Podengo Central

Podengo Central

A place for Podengo owners and fanciers to share information and research the breed in a topical manner. Supported by the APPMGC & APPPC


    Does your Podengo recognize dogs of similar breeds?

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    james ensor
    james ensor

    Posts : 163
    Join date : 2012-02-01
    Location : London, England

    Does your Podengo recognize dogs of similar breeds?

    Post  james ensor on Mon Jan 14, 2019 12:25 am

    We first learned about Podengos when we took Brando to our Scottish vet in London, Brando looks like a Labrador. But he has a number of differences.  At 16kg/35lbs he is too small to be classed as a male Labrador.  Then there is his tail.  This  is bushy and he often carries it curled up over his back like a scorpion.  It has a white tip.  He has a white line down his forehead. He has white socks. He has a light patch of fairer hair, just behind his front legs. And he can arrange his powerful back legs in the most amazing positions, with the knees bent out sideways and the paws underneath his body. He runs much faster than a Labrador, too, and likes to hunt squirrels.

    Normally scornful of all small dogs, Brando was very attracted to a furry dog with pricked up ears, a curly tail and a long body, that he met at the vet`s.  When we inquired his breed, we were told that he was a Podengo Pequeno.  The vet has a dog, very like Brando, whom he rescued from Crete, which also has some Podengo characteristics.

    Then we realised that Vlekkie , the very friendly little Terrier with the long body that had befriended us in the Cape Verdes, was also a long-hair Podengo Pequeno. Maria, our Podengo Medio, who dismisses almost every small dog that approaches her with either one two or three barks, licks Podengos. She, who never approaches another dog, chased after a Podengo Pequeno puppy for 100 yards/ 90 metres to greet it, only for the Cape Verdean owner to tug it away.

    In Portugal, Maria played with Podengo Medios. This was a very Podengo-only game, in which both dogs lie almost snout to snout.  One darts forward and the other dodges, backwards or sideways or even upwards.  She also plays with Brando, a special hunting game which involves bared teeth and very fast runs, straight at him, which he cleverly dodges at the last moment. Other breeds are not welcomed in this game and are chased away by Maria with one, two or three barks.

    The only dogs that Maria will play with and chase or be chased by are English whippets and salukis.  Brando has played with a beagle, chasing him around a very tolerant owner`s London mansion over sofas whilst ruffling rugs.   I believe that podengos recognize other hounds, especially other podengos, of whatever size.  These are the only dogs that are fast enough to challenge them to a good race.  Maria even approaches English whippets and gives them a lick on the snout.  We just wish that there were more podengos in London.

    A yacht owner imported three dogs from the Dominican Republic on his yacht, probably bypassing the UK`s tough controls which protect the islands from rabies. One of them a Podengo Medio approached Maria on the lawn of a yacht club and was friendly. But the smallest dog, a stray mongrel, came up and was very rude. For its pains it got rolled on the grass by Maria.  The Dominican Republic dog owner, who had not even seen this then threatened to kill Maria and to assault me.  I reckon that he imports other substances on his yacht - because he backed off when I was forced to threaten charges in the criminal court.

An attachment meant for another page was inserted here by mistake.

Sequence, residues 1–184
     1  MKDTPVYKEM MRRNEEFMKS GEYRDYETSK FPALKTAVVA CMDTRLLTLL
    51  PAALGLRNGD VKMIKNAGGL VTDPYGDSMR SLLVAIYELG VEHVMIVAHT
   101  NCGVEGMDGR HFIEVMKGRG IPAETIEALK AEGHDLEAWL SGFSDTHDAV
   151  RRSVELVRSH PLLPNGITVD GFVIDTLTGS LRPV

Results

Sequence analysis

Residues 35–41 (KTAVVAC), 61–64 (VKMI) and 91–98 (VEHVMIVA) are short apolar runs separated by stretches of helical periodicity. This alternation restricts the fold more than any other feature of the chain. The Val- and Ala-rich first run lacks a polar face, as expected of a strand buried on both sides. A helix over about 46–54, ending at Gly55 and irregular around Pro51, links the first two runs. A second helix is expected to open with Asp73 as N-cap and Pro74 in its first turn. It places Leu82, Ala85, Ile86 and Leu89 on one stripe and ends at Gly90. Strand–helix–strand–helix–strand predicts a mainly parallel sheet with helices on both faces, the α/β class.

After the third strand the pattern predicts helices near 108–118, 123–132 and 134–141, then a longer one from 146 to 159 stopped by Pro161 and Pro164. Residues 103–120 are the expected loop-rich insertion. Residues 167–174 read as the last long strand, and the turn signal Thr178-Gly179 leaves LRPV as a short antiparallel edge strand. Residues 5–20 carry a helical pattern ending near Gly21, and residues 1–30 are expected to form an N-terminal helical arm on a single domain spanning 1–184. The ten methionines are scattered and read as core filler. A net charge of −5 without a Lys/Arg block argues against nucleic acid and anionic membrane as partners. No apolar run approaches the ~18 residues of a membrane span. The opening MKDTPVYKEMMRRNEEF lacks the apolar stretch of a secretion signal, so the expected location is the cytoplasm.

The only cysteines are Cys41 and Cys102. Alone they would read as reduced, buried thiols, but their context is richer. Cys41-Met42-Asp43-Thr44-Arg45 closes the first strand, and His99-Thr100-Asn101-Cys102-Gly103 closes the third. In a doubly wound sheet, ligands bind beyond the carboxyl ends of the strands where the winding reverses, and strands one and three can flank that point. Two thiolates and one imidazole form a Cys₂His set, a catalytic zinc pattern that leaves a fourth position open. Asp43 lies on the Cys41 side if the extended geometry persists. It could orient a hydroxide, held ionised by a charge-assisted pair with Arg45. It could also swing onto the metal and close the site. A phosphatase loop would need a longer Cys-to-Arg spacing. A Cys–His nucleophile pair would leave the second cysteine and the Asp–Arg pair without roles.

Last edited by james ensor on Mon Feb 25, 2019 4:21 am; edited 1 time in total
    james ensor
    james ensor

    Posts : 163
    Join date : 2012-02-01
    Location : London, England

    Re: Does your Podengo recognize dogs of similar breeds?

    Post  james ensor on Sun Feb 24, 2019 12:28 am

    A French lady who lives near us in London has rescued dogs from Mauritius and Serbia.  She calls the Mauritian dog Doooglaz.  The Serbian is called Mona.  She is a small mutt with a short fawn coat and a long body.  Like many rescued dogs, she is terrified of humans and will hide behind her mistress` skirts if approached.

    But when Maria, our Podengo Medio, met her, by chance, on a walk beside the Thames, they were immediately friendly.  This is most unusual, as Maria disdains smaller dogs and often barks at them, on the opposite  sidewalk.  

    Mona has some features, which are recognizably derivative of the Podengo Pequeno.  Her forehead has a white stripe. She has powerful rear legs and can run fast. She sports white sox and has a curly tail, with a white tip, carried erect above her back.  Her ears are floppy rather than pricked-up but she does seem to me to have some podengo characteristics.  Maria clearly recognized this through smell.

    But how did podengo strains get to Serbia, an Ottoman colony for centuries before starting the First World War? No Portuguese or Spanish galleons traded with this land-locked mountainous province. Well Serbia, then known as Moesia Superior, was also a Roman Province.  In fact, DNA from Roman legionnaires from there has been found in Lancashire, in north-west England.  So could the Romans also have taken their favorite hunting hounds from the Levant to this remote province?  Perhaps they also took them to the Mediterranean island of Crete, from which our Scottish vet was able to rescue a dog with some podengo characteristics?

    We know that Roman galleys first brought podengos to the Iberian peninsula, where they have since flourished.  Perhaps they also took them to Adriatic or Black Sea ports, close to Serbia?  We shall never know.

      Current date/time is Sun Mar 24, 2019 8:34 pm